Dan Cade has starred in numerous TV shows and movies from Knightfall to Metal Hurlant Chronicles and The Hard Way starring Michael Jai White and Luke Goss. Dan stopped by to chat with me about The Hard Way and his career.
You’re in the new actioner The Hard Way with Michael Jai White and Luke Goss where you play Tony Zito; how did you get involved and what was it like to work on?
I got involved with it when the producer sent me the script and asked if I wanted to try for the role of Tony Zito. He said it was a good role and I’ll get kicked through the window by Michael Jai White and I thought “yeah, this is cool!” so I did a self-take/an audition just to send it to him to show what I can do with it as this mafia character. So he liked it and the director Keoni Waxman confirmed me for the role and literally a couple of weeks later I was on set in Romania which was great. I met with Michael Jai White and we went through the scene and it was really good. I didn’t get to do too much martial arts to be honest with you; no kicks or anything because the mafia characters tend not to know the martial arts. Again I didn’t get the opportunity to show that unfortunately but it was a great opportunity to work with Michael Jai White and have some good dialogue scenes. It was fun doing the fight scene though as he has to win so I get beaten up but it was pretty cool (laughs). Keoni Waxman really knows how to shoot the action which is really slick and quite fast paced; it was awesome to work with him.
I was actually going to ask you how you found working with him and if he was an actor’s director…
Yeah, he’s an actor’s director; he does takes from loads of different angles and he really gives a chance for the actor to settle into the role and then goes over the character and knows exactly what he wants. We didn’t just concentrate on the action; obviously we did the fight scene but he knew how to shoot it for the cameras as it was quite a small space where you can’t move out of frame too much so it was a good experience with that. It’s more than just the dialogue and character he works on so he’s really great and gives you the time and discusses things with you. He wants to make everything look good and it was pleasure to work on.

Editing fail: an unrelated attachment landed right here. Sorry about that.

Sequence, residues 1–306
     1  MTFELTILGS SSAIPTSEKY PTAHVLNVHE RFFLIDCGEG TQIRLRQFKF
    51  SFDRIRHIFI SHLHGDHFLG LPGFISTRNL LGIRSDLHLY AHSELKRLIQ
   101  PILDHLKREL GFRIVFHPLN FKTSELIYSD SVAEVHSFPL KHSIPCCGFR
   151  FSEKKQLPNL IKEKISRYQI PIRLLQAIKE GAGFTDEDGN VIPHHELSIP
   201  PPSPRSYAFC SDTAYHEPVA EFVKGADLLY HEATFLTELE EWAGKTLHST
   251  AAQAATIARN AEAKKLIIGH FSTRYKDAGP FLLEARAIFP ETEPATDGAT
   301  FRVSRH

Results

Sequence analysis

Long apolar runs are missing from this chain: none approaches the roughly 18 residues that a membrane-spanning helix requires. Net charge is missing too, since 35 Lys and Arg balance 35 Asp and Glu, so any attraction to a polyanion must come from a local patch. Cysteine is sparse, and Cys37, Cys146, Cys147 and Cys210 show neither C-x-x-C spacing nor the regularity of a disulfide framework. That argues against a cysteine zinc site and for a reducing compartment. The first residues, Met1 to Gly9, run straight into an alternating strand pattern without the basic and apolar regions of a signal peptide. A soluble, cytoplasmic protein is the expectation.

I think this may be one of his best films; how was shooting in Romania?
It was cool shooting there; we had a great crew who were really efficient and they knew what they were doing and knew all the setups, how to work the camera and lighting and making it all look good for the action. It was a great experience actually. I’d worked there before on a different project called Metal Hurlant Chronicles; funnily enough Michael Jai White wasn’t in my episode so we worked on the same project but in different episodes.
How’d you find working with Michael Jai White? Isn’t he the nicest guy?
Yeah! To be honest with you I do a lot of these big budget TV shows and I work with people like Orlando Bloom and people like that on Carnival Row. When I worked with Michael Jai White it was quite a surprise because he likes the other actor to do really well. He wants to get in your shot so when he’s off camera he still gives a full performance. He made sure Keoni got the right shot for me at the end to make the scene look good. He takes the time for the other actors which is great as on these big budget TV shows the actors don’t really do that but he really took his time to make sure everyone looked great.
Do you find indie pictures there’s more freedom than on the bigger budget fare?
Yeah definitely; when I work with Keoni on this action movie there was so much more freedom and a lot more time with a lot more takes where we were really concentrating on the scenes. Once you get a take done there’s loads of freedom to try different things with the character like things that could work or might not. I felt a lot more freedom as the crew were slightly smaller compared to these other big budget series where you don’t get much time and the crew is so big. So you get a few takes then you gotta move on so it’s completely different.
You get kicked out of a window in The Hard Way; did you do that or was it a stunt man?
(laughs) No they got a stunt guy to get kicked out the window; I had a chat with Michael Jai White and he asked me if I wanted to do it as he was kicking at full pelt and I said “no, it’s OK you can do it to the stunt guy (laughs)”.
Do you like to do your own stunts as much as possible?
I like to do the martial arts and the fighting; I know how to do it in front of the camera and keep it in frame with the rhythm and everything. I like to do that but the things I’ve been doing have been more sort of dramatic or using weapons. Recently I came off Knightfall where I was doing horse-riding and sword fighting but I generally prefer to do my own stunts as much as possible. The more I get the opportunity to do martial arts would be great as I’ve already got that skill set but just never really been able to showcase it on screen. I was hoping with The Hard Way I’d get to have more action stuff with Michael Jai White as I really want to get into that market a little bit more.
You’ve done several period pieces like Knightfall; do you tend to enjoy putting on the costumes to get into the characters?